Now that we've got the hardware settled, check out part 2 where we talk about the software you'll need to set up and run a Facebook Gaming stream! In the meantime, if you have any questions or comments, feel free to drop them in the comments below or on the Facebook post. Stay tuned to eGG Network for more content on being a Facebook Gaming creator!

"I feel like I've achieved another important milestone in my life." Awash with immense happiness and gratitude, Ahmad Fuad Razali, aka Fredo, was speechless about being the third FB Gaming Creator to hit 1 million followers, after Soloz and D Entertainment.

Related: Facebook Gaming: Cheers to Soloz for 1 million followers

"Words can barely describe how I feel - I'm still quite shellshocked." But, after a few days of reflection, Fredo shared that this wasn't completely out-of-the-blue. In fact, this moment is a culmination of a long and difficult journey.

Fredo burst into the Malaysian esports scene in 2017 by winning the first Mobile Legends: Bang Bang Southeast Asia Cup (MSC) KL with Team Saiyan, thus representing Malaysia at the first MSC in Jakarta.

Since then, his growth as a professional player as well as content creator has mirrored Malaysia's mobile esports scene. The rise of MLBB's popularity led to the establishment of the Mobile Legends: Bang Bang Professional League MY/SG in late 2017. Fredo's squad, Team Saiyan, was the first to qualify and would go on to dominate the Regular Season.

However, the team failed to live up to fan expectations at the Playoffs, finishing fourth. It was a respectable showing, but that was the highest placing he would achieve at MPL-MY/SG. Nevertheless, he began livestreaming on his Facebook page and built a loyal following.

Switching lanes

MPL-MY/SG Season 3 was Fredo's final appearance in a top-tier MLBB tournament. It was a dismal showing: they finished 8th in the Regular Season standings and bowed out in the first round of the Playoffs.

Bosskurr Gaming's Season 3 line-up (left to right): Soloz, Gripex, Logan, Fredo, Rush and Penjahat.

However, another development in the mobile gaming world would take Malaysia's esports industry by storm and further propel Fredo to stardom: the rising popularity of PUBG Mobile. The game had launched a year earlier in March 2018 but it didn't have an active competitive scene.

After MPL-MY/SG Season 3, Fredo stepped down from the team's active roster to focus on streaming, and although he made a name for himself playing MLBB, it was playing PUBG Mobile which would define the next stage of his career.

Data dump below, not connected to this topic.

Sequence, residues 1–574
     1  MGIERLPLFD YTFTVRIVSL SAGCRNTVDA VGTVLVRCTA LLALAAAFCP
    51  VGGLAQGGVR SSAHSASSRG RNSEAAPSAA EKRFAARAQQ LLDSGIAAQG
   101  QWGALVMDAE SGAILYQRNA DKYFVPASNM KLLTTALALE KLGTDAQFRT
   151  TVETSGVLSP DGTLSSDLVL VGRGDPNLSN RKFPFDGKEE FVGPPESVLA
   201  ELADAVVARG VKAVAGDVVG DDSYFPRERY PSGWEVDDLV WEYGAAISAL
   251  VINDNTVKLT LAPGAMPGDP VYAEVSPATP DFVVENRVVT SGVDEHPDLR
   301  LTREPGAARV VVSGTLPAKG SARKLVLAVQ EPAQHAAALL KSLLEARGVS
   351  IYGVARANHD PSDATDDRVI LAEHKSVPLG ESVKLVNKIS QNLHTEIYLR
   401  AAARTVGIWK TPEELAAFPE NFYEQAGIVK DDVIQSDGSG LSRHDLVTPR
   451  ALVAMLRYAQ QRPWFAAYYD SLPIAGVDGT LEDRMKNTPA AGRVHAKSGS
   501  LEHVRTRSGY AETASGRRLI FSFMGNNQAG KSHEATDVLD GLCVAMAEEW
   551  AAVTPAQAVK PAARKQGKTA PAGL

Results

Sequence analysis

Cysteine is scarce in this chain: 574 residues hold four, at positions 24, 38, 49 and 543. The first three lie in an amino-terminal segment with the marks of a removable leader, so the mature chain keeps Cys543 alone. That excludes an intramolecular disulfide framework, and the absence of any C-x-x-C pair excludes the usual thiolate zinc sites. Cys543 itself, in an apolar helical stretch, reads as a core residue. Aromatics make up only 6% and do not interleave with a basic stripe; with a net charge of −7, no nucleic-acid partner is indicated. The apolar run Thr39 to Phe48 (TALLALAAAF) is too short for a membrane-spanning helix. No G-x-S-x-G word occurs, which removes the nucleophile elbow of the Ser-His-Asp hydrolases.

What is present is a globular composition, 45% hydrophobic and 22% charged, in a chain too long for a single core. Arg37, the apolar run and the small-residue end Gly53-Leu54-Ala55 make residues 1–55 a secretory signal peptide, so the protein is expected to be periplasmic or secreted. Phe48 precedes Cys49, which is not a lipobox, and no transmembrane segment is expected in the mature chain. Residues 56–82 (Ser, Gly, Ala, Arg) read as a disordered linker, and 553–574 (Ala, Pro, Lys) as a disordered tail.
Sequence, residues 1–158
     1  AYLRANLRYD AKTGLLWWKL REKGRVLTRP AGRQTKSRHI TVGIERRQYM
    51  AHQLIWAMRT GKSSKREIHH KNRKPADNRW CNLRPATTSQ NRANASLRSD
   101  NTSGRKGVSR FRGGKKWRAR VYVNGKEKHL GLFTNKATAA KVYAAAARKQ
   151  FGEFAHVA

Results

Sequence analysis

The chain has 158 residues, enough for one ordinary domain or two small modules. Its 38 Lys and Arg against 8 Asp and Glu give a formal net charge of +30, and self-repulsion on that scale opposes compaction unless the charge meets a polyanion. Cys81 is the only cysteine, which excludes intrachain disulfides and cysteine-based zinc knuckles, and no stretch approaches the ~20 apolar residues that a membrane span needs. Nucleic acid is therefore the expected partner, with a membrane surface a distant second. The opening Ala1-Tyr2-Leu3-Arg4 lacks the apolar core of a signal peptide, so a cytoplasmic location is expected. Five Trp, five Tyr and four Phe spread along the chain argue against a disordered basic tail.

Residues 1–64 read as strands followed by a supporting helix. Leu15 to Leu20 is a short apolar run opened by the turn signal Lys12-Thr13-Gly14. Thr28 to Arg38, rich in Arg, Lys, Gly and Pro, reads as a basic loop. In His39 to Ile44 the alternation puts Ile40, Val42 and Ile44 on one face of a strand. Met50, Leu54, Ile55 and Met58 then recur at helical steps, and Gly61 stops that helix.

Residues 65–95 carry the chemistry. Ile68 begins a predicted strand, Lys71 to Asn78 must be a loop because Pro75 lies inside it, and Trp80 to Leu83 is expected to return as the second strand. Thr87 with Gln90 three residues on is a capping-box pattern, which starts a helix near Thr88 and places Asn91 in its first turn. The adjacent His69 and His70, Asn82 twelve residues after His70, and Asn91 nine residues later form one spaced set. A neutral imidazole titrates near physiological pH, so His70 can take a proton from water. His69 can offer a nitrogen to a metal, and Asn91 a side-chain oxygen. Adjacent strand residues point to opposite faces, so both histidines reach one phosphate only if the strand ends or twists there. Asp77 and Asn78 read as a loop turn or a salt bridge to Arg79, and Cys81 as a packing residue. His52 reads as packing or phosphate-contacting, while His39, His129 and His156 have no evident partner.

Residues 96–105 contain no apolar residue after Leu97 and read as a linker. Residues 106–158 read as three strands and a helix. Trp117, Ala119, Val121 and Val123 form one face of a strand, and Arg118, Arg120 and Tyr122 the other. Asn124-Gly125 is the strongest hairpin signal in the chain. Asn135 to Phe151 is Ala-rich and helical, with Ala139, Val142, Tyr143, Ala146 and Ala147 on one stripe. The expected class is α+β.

2019 was the year PUBG Mobile esports exploded in popularity across the region, and Malaysia had the honour of hosting the PUBG Mobile Club Open (PMCO) Fall Split Global Finals. It was also Fredo's first stint as a PUBG Mobile caster and his partnership with Onthego and MasterRamen on the panel proved entertaining and educational. It was as though he found a new lease on life.

Yoodo Gank

Things didn't stop there. After Fredo's first major involvement in competitive PUBG Mobile, he was invited to be part of a "try-out" Yoodo Gank squad to participate in the Peacekeeper Elite International Championship 2019 held in China.

The players clicked and they became the Yoodo Gank that shook the Southeast Asian PUBG Mobile competitive landscape. Placing second at the first season of the PUBG Mobile Professional League (PMPL) MYSG, Yoodo Gank were a class above the others at the PMPL SEA Finals, winning a whopping five Chicken Dinners to finish almost 100 points above second-placed Bigetron RA.

Related: D Entertainment feels the love of 1 million followers

With the team now preparing for the PUBGM Mobile World League (PMWL), things aren't slowing down for Fredo. But he's aware that what got him here isn't merely due to his skills (or charming character), people around him have shown belief in him, encouraged him and pushed him to be better.

"From MLBB to PUBG Mobile, from streaming without a webcam to having a proper set-up, from nothing to something - none of this could have happened without my fans - but to me, they are more than that, they are my supporters, friends and even family. I want to thank all of you so much and say that truly and sincerely love all of you."

Interested to kickstart your journey to the streamer lifestyle? We got good news for you! Facebook Gaming is opening a new program named GG (Game & Grow) that’s designed for emerging Facebook creators, and we’ve got all the info you need to join on this page.